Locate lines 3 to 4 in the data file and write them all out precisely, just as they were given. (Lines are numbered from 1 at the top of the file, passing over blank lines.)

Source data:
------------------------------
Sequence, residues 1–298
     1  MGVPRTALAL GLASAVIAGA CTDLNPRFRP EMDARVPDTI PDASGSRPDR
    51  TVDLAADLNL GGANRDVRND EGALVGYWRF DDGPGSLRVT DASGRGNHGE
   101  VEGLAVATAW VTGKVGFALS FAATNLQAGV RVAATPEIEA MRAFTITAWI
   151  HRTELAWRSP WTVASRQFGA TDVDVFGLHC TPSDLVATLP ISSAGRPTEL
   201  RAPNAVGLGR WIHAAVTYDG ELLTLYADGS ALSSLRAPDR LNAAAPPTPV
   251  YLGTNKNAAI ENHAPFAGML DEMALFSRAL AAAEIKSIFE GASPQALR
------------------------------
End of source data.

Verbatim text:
    51  TVDLAADLNL GGANRDVRND EGALVGYWRF DDGPGSLRVT DASGRGNHGE
   101  VEGLAVATAW VTGKVGFALS FAATNLQAGV RVAATPEIEA MRAFTITAWI